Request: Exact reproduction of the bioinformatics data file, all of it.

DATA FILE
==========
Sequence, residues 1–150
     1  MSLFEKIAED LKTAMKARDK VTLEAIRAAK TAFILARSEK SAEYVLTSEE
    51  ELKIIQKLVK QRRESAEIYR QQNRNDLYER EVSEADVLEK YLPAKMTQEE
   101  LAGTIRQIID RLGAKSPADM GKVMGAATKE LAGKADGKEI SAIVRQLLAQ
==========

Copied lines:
Sequence, residues 1–150
     1  MSLFEKIAED LKTAMKARDK VTLEAIRAAK TAFILARSEK SAEYVLTSEE
    51  ELKIIQKLVK QRRESAEIYR QQNRNDLYER EVSEADVLEK YLPAKMTQEE
   101  LAGTIRQIID RLGAKSPADM GKVMGAATKE LAGKADGKEI SAIVRQLLAQ